Today, I will cover our third rule for working with your kids to protect and monitor them online, without them feeling like you’re watching over their shoulder all the time. The rule we will cover today is:
You will accept all “friend” or “follow” requests from us on your social media accounts.
I know what you are thinking…. you’re supposed to be a guiding element and an influence in your kids’ lives, not a friend! You are there to set boundaries and rules, enforce discipline, teach your children the difference between right and wrong, and so on. This very important rule actually allows you to do all of these things.
What Does Being Friends Mean?
For those that are relatively unfamiliar with social media outlets such as Facebook or Twitter, the concept of being “friends” with your kids might not be familiar. Simply put, when you “friend” your children on one of these systems, it allows you to see content and conversations that they are posting on that site.
For example, if you are friends with your kids on Facebook, all you have to do is log in to your Facebook account and view your news feed. You will then be able to see all of the updates, pictures, and comments they’re making and sharing with other accounts they have “friended.”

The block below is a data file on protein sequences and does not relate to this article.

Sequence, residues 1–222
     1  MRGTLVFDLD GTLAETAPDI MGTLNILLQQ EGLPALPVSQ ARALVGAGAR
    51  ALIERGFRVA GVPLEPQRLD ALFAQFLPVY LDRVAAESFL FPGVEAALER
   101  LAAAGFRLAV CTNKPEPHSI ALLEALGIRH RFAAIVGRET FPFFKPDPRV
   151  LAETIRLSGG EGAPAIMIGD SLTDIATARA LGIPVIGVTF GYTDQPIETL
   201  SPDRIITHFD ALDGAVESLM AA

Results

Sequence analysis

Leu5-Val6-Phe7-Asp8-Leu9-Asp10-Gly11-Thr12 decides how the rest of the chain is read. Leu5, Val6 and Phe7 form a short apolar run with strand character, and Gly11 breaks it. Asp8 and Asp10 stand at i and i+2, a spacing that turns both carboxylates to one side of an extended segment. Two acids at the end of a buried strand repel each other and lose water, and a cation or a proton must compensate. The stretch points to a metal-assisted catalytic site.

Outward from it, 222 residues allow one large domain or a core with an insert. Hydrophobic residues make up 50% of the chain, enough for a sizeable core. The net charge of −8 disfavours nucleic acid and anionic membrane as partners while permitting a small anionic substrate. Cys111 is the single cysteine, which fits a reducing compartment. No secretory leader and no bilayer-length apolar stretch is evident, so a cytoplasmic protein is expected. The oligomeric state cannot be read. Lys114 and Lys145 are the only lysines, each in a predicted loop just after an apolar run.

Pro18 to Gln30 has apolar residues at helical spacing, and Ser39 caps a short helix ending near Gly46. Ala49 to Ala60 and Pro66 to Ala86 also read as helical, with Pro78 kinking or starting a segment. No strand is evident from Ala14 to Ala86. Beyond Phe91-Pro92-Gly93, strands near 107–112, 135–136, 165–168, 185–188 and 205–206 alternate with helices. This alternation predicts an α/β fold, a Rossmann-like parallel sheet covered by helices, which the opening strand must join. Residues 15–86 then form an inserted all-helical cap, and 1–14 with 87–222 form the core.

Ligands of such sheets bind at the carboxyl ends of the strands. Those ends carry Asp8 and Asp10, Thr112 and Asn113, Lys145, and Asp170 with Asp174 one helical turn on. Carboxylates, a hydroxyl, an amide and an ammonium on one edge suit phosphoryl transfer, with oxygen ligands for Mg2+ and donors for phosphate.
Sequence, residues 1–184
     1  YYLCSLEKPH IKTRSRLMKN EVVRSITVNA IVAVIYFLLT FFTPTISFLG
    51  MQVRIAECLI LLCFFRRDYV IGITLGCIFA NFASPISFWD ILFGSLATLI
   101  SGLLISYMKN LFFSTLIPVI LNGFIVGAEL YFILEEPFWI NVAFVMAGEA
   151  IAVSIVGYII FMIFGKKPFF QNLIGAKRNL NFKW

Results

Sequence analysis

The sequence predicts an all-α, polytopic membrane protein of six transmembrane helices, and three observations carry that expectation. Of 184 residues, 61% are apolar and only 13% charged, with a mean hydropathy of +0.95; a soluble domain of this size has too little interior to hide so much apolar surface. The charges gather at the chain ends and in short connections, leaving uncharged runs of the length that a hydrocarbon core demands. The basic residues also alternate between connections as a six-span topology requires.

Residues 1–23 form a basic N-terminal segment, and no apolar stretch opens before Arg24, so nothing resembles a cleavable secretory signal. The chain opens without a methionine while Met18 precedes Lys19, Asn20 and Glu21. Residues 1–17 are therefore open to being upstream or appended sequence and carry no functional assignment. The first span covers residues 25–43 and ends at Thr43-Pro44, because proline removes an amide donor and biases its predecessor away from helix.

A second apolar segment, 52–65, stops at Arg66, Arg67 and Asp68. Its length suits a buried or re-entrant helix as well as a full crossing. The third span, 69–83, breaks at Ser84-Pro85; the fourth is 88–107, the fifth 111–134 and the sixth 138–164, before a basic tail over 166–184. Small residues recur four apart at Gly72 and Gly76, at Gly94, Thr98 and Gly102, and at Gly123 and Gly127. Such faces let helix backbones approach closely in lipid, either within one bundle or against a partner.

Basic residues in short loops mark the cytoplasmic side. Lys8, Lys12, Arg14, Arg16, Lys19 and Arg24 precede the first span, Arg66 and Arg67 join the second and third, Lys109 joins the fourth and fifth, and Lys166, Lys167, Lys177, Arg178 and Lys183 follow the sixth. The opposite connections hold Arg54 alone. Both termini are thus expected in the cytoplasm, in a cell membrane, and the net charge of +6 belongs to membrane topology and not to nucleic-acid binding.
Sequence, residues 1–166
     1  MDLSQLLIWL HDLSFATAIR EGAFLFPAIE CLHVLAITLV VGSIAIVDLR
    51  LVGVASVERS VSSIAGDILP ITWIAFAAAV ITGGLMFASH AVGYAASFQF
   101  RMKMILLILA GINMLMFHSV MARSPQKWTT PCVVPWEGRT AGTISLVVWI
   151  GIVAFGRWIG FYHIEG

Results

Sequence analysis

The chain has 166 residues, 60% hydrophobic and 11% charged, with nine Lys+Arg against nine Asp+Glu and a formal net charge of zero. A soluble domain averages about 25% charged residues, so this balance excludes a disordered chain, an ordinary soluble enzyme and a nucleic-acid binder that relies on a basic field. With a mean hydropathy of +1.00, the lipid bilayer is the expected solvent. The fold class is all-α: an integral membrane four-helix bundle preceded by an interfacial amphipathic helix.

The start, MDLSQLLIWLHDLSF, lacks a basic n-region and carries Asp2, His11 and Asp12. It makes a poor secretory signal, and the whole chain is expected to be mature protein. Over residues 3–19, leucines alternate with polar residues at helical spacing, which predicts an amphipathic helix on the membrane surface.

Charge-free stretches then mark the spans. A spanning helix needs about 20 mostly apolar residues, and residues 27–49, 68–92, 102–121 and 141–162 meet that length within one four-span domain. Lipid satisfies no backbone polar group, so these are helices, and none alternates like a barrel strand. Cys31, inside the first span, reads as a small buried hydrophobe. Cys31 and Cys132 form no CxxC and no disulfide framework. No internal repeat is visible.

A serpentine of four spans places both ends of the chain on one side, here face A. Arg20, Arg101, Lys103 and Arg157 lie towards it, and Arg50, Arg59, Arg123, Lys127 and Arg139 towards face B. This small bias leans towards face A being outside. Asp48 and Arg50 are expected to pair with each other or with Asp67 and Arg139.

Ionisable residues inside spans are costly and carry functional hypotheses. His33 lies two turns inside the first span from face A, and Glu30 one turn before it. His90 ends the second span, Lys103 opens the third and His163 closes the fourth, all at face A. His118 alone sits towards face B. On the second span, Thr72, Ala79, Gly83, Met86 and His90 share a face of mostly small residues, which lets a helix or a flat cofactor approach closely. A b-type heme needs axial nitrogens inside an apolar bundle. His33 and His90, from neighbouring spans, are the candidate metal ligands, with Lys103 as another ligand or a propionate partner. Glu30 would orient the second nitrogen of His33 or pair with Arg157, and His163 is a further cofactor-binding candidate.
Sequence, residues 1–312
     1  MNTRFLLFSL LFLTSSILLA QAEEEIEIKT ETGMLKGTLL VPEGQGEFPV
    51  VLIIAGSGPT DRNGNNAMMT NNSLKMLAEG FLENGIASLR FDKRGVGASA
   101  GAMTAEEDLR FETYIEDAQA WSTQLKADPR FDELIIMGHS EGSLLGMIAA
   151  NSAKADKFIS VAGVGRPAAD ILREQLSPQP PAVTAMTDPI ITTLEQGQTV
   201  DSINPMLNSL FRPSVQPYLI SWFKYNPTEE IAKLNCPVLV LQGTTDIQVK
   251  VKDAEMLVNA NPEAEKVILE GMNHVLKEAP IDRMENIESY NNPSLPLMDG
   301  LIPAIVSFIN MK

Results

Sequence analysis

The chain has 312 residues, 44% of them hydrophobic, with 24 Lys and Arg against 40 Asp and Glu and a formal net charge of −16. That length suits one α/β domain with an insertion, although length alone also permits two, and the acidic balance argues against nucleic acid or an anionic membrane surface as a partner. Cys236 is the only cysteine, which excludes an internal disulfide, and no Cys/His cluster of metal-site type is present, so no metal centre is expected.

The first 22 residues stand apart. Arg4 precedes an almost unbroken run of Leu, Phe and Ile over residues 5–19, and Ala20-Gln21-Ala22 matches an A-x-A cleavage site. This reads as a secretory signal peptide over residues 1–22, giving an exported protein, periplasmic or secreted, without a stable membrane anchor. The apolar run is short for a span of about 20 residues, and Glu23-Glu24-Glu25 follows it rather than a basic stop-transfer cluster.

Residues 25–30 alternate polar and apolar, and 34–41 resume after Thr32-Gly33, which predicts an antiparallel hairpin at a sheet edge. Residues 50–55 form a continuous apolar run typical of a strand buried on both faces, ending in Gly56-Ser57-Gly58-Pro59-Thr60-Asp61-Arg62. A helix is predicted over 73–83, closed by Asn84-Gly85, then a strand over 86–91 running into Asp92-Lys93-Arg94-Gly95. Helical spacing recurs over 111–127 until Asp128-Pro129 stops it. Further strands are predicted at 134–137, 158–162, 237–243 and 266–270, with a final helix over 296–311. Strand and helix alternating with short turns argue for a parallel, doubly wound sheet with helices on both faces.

Almost all social media sites have this feature. Some sites call it a “follow” or “watch” function, but they all do basically the same thing. Updates and content posted by the people you are following are available for you to view and consume.
Of course, this means you’ll need an account on every social media site your kids use. This is actually a good thing; being familiar with the sites your children use (including possible security and privacy issues) is a great line of defense in helping to protect them!
Should I Chatter with my Kids on Facebook Now That We’re Friends?
This is a loaded question. The short answer is: “It depends.”
Some kids will prefer that you do not comment on their posts or status updates, while other kids may not care one way or the other. For instance, older teens may prefer more separation between their home lives and their other, public relationships.